Jamf Threat Labs has discovered a new malware strain that appears to be connected to BlueNoroff, a group that often attacks businesses in the financial sector.
The discovery came about during Jamf's regular security checks. They found software for Mac computers secretly connecting to a known malicious internet domain, although Jamf didn't mention a particular program that Mac users should be aware of.
What made the find particularly intriguing was that this software was not recognized as a threat by VirusTotal, a popular website used to check suspicious files, at the time of uploading by Jamf.
The program is cleverly disguised, using a digital signature that initially appears legitimate. It communicates with a server that, while appearing to be associated with a legitimate cryptocurrency platform, is controlled by the attackers.
BlueNoroff signature move
The method of operation aligns with the BlueNoroff group's established strategies. These typically involve creating counterfeit domains that mirror reputable companies, which helps them evade detection and entice their targets.
The fraudulent domain was set up in late May 2023, and the malware uses it to send and receive information. Jamf's analysis revealed that while they were investigating, the server behind the domain stopped responding, possibly because the attackers became aware of the scrutiny.
Further analysis by Jamf indicated that the malware was designed using Objective-C, a programming language used for Mac software. The malware acts like a remote control for the infected computer, allowing the attackers to send commands and control the system after they have breached it.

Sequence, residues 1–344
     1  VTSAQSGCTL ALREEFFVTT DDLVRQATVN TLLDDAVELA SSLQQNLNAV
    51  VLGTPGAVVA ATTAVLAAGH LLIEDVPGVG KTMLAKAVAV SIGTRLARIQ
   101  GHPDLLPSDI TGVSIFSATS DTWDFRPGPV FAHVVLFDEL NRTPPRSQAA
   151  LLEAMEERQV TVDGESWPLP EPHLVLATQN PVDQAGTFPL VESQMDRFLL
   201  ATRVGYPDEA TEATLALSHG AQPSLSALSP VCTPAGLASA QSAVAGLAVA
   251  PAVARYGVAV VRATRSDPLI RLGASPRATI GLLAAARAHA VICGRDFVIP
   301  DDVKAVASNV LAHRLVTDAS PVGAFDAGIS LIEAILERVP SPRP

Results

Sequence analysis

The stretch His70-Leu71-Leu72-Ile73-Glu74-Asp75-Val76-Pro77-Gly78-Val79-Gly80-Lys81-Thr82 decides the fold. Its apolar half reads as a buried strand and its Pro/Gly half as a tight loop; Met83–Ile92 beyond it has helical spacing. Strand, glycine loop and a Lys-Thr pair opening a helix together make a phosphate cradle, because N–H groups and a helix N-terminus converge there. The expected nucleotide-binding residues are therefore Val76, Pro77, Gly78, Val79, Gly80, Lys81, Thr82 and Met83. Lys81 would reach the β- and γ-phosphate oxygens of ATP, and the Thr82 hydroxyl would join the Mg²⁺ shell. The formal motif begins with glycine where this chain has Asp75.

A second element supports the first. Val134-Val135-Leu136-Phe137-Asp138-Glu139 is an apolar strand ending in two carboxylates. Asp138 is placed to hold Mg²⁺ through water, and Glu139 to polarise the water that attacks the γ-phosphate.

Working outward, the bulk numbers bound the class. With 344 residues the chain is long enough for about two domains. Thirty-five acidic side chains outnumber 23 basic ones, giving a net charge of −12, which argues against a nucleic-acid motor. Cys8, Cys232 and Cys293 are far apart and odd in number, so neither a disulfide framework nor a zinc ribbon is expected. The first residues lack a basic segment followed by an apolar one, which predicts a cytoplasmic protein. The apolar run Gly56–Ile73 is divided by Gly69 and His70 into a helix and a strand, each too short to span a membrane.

Upon activation, the malware sends a signal to the attacker-controlled domain, disguising its communications as regular internet traffic. It also collects and sends information about the infected computer, such as the version of the macOS operating system it is running.
Despite its simplicity, the malware is effective and aligns with BlueNoroff's approach of using straightforward tools to infiltrate and manipulate compromised systems. Jamf has named this particular threat "ObjCShellz" and considers it a part of the larger RustBucket campaign, which tracks the activities of BlueNoroff.
How Mac users can protect themselves from ObjCShellz
Mac users can protect themselves from malware by keeping their operating systems and apps updated. It's important to download apps from reputable sources like the Mac App Store or the developers' websites.
Being cautious with email attachments and links, using the built-in firewall, and only installing apps from the Mac App Store or recognized developers can also help. Regular backups, strong, unique passwords managed by a password manager, and staying alert for signs of phishing are crucial.
Finally, monitoring financial accounts for unauthorized transactions can detect potential breaches early.